The Chinese expedition: Sir Harry Parkes on the sack of the Summer Palace

Author(s) : LANE-POOLE Stanley, PARKES Sir Harry
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Letter from Sir Harry Parkes to his wife, British Embassy, Peking, 27 October 1860

“We have passed since I last wrote you on the 14th from a state of war to a state of peace, and have signed our Convention, exchanged the ratifications of Embassy the Treaty of 1858, and our people are now walking about Peking in small parties of threes and fours very much in the way that we do at Canton…
On the 13th, as I told you, a gate of the city was placed in our hands, which gave us of course a great command over the place and would have terminated hostilities had it not been that the treatment of our prisoners was too atrocious to be passed [over] without exemplary punishment. But the difficulty was to know what punishment to inflict. Some advocated a heavy indemnity; others the burning of Peking; others the destruction of the Imperial Palace in the city. I think Lord Elgin came to the right decision in determining to raze to the ground all the palaces of Yuen Ming Yuen, the Emperor's Summer Palace, five miles outside Peking, where the Emperor and whole Court have lately spent two-thirds of their time, and where our poor countrymen were taken in the first instance and put to torture by direction of the Court itself. The allied troops had already plundered these palaces, or several of them, and some said that it was an ignoble sort of revenge on that account; but there appeared to be no other choice than the destruction of the palace within the city (which had not been looted), and considering that Yuen Ming Yuen was the scene of the atrocities committed on our countrymen, I consider that it was the proper one of the two to make a monumental ruin of. To have burnt Peking would have been simply wicked, as the people of the city, who would in that case be the sufferers, had done us no harm. At Yuen Ming Yuen we could only injure the Court. This palace has with the Chinese very much the position that Buckingham Palace has with us, as compared with St. James's. To have exacted a national indemnity for the murder of our countrymen would have been to make money out of their blood. So Yuen Ming Yuen was doomed, but an ample compensation of half a million of taels was demanded for the families of the deceased.”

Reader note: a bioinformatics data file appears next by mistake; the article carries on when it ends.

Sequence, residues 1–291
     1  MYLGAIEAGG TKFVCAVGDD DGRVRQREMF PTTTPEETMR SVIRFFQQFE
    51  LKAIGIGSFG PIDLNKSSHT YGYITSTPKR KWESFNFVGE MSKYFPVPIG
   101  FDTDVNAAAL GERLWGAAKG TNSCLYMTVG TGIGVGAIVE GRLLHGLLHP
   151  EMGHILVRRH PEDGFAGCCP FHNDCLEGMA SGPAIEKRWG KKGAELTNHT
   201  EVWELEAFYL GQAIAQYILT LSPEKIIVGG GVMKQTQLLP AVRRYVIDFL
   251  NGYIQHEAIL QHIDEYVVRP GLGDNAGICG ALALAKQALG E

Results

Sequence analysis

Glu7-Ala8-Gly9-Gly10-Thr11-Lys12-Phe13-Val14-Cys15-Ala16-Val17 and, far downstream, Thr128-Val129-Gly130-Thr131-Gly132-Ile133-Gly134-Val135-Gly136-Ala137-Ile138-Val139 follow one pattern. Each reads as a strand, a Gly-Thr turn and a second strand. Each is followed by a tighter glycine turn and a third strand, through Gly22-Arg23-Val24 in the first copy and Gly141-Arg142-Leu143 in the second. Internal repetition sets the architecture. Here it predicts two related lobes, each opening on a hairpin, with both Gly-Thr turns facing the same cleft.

Quoted in The Life of Sir Harry Parkes, Sometime Her Majesty's Minister to China & Japan, Volume 1: Consul in China, by Stanley Lane-Poole, London: Macmillan, 1894, pp. 399-400

Publication Title :
The Life of Sir Harry Parkes, Sometime Her Majesty's Minister to China & Japan
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